The company was already established when the Bauhaus began its work. In the 1930s, ritterwerk began producing its slicing machines. From 1967 to 2005, this activity was performed under the direction of designer Karl Dittert (*1915), who follows directly in the tradition of the Bauhaus. Karl Dittert studied under Hans Warnecke (1900-1988), who, in 1921, joined Walter Gropius as a member of the "Deutscher Werkbund" (German Association of Craftsmen), founded in 1907. As Head of the Bauhaus school, Walter Gropius exerted a dominant influence on this association throughout the 1920s. Hans Warnecke not only enjoyed a healthy exchange of ideas with various Bauhaus pioneers, but also openly adopted some of their ideas in his work and his teaching. The design of the ritterwerk appliances created by Karl Dittert follow the principle of prioritising functionality and choice of materials. With our built-in kitchen appliances, ritterwerk strives to optimise practical kitchen design in the spirit of the Bauhaus.
ritterwerk appliances belong in the kitchen and are, as our motto says, “… at home in any kitchen”. They also add to the quality of everyday domestic life, and help their owners feel more “at home” in the kitchen too. Louis Sullivan (1856-1924), a renowned American architect and a contemporary of the early Bauhaus figures, described the connection between the individual architect and the buildings they create in an almost philosophical way – “As you are, so are your buildings” (1924). In an essay on architecture, Sullivan also coined the phrase “form follows function”, which became the mantra of the Bauhaus pioneers.
ritterwerk is truly a child of its time and carries the Bauhaus “gene”. When we created our contura3 multi slicer in 2008, it set new design standards in all aspects of functionality. With its minimalist use of materials and emphasis on the geometric shapes of the square, triangle and circle, the appliance achieves a new level of simplicity and recalls the forms that appear in the paintings of Wassily Kandinsky.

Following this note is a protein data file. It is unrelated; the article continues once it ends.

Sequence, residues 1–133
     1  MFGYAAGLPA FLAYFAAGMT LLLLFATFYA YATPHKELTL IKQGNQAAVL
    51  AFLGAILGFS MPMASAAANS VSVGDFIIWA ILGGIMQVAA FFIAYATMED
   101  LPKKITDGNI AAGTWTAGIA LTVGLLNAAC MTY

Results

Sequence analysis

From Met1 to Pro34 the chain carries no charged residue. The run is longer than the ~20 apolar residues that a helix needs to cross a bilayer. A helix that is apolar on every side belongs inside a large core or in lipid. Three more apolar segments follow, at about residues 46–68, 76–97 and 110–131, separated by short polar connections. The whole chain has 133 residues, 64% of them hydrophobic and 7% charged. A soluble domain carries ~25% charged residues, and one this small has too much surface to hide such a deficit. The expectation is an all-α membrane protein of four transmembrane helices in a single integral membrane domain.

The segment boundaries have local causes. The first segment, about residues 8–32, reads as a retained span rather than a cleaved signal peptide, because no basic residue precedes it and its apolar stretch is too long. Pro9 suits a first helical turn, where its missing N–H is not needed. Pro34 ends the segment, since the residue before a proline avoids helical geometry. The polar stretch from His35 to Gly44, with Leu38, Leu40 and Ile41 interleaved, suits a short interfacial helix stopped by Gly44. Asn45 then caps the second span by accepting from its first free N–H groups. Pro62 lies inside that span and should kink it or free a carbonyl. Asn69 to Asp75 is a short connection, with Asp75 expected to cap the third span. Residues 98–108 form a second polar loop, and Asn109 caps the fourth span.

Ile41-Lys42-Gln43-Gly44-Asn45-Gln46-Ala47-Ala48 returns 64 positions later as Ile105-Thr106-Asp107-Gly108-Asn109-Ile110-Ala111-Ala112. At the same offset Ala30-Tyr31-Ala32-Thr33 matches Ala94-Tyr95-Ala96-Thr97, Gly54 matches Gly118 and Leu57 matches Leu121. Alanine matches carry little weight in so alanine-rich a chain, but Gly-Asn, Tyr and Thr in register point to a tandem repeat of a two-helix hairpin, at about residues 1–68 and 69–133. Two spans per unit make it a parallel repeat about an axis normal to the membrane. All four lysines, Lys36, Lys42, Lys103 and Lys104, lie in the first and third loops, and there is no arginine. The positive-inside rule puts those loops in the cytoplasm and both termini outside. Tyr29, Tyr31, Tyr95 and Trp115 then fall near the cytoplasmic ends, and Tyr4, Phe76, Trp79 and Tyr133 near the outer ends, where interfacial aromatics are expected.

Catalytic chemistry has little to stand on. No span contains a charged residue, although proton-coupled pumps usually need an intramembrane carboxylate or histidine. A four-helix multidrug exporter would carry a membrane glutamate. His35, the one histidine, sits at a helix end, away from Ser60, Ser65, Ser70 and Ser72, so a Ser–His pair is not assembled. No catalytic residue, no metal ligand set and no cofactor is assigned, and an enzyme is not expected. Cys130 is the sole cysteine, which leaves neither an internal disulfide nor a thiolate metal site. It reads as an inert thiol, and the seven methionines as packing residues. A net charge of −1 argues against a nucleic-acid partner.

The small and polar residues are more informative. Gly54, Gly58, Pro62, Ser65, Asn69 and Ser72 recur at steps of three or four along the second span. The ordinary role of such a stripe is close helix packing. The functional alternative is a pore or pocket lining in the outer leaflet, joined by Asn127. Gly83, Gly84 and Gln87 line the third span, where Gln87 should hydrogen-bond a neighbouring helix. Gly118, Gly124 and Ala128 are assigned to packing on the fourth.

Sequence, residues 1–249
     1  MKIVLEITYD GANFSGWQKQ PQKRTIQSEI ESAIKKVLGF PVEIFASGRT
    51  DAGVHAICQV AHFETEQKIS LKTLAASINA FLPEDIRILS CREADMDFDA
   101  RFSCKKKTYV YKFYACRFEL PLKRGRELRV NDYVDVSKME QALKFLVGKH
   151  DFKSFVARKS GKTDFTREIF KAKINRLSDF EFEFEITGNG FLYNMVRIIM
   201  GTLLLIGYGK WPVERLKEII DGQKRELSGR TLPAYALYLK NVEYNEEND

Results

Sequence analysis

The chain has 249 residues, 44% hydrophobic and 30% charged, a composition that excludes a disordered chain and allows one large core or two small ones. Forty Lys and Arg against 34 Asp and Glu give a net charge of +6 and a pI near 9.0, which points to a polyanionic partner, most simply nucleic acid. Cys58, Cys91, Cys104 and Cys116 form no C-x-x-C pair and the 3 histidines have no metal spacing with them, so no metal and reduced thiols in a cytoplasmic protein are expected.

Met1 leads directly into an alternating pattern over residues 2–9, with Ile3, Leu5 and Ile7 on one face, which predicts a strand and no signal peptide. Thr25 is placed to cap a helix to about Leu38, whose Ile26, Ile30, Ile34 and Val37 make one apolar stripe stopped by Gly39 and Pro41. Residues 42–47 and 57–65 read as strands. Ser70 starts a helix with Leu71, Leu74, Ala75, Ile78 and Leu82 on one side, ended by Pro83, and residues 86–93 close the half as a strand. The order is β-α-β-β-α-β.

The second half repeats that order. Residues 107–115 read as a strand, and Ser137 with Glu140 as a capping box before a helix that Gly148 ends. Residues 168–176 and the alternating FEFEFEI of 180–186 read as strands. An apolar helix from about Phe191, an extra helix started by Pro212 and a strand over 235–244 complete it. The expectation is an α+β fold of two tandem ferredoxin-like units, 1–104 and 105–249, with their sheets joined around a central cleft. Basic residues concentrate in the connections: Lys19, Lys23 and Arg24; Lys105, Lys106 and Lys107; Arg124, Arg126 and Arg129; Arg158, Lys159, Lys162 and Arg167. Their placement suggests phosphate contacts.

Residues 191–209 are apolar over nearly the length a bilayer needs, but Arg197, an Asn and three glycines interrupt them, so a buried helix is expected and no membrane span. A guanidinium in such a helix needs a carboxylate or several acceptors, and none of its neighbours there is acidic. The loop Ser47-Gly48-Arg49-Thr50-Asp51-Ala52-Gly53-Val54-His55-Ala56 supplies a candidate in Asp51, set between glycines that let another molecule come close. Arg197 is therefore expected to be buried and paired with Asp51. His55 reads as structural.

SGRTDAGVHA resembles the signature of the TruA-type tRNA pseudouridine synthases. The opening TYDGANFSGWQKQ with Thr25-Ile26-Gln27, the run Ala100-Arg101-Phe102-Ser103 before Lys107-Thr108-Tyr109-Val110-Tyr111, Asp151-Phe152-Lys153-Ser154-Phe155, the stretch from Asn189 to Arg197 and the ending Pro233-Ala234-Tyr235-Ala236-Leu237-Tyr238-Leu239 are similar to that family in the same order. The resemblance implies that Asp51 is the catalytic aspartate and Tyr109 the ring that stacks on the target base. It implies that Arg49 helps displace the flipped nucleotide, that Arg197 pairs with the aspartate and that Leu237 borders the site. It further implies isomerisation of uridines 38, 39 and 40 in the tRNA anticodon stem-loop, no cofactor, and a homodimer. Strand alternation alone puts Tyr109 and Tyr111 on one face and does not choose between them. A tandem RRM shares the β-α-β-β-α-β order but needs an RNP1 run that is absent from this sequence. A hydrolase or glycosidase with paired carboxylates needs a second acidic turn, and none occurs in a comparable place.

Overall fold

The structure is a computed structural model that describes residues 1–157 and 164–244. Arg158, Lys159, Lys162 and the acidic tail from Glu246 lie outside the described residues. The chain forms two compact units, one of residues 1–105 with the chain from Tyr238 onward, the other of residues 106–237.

It was followed in 2010 by the volcano, which is probably the most streamlined toaster in the world. This free-standing toaster is a design piece that transforms the kitchen from a purely functional place to cook into a sophisticated modern living space. The toaster's dimensions were ultimately determined by the need to offer this product as a built-in appliance to fit in a drawer. “Form follows function” is a touchstone of the Bauhaus, and the form of this toaster is slim and flat with a reflective surface made of glass or aluminium that adds lightness and subtlety. Pure, functional, timeless and beautiful.
Our fontana5 kettle follows in the same footsteps, both in terms of its name and of its features, which are typical of ritterwerk's Lifestyle products, made in Germany. The kettle remains true to the simple, pure, clean and timeless Bauhaus style in both form and colour.
The cafena5 coffee machine follows the same principles. Reduction to the essential, high-quality materials and manufacture in Germany. Thanks to the modern and yet timeless design of the filter coffee machine, the preparation of coffee is a pleasure for all the senses.
As always, ritterwerk is committed to ensuring that our high-quality products achieve perfection in terms of function and material. For ritterwerk, the focus is on durability, not disposability. Today, at our own workshop here in Gröbenzell near Munich, we offer the same repair and replacement service to customers that we have offered for decades.
Looking to the future, we plan to launch more products that follow in the Bauhaus tradition, while also keeping pace with today's market requirements and the latest technological advances. In other words, products resulting from a perfect combination of the spirit of this age and elements of Bauhaus design.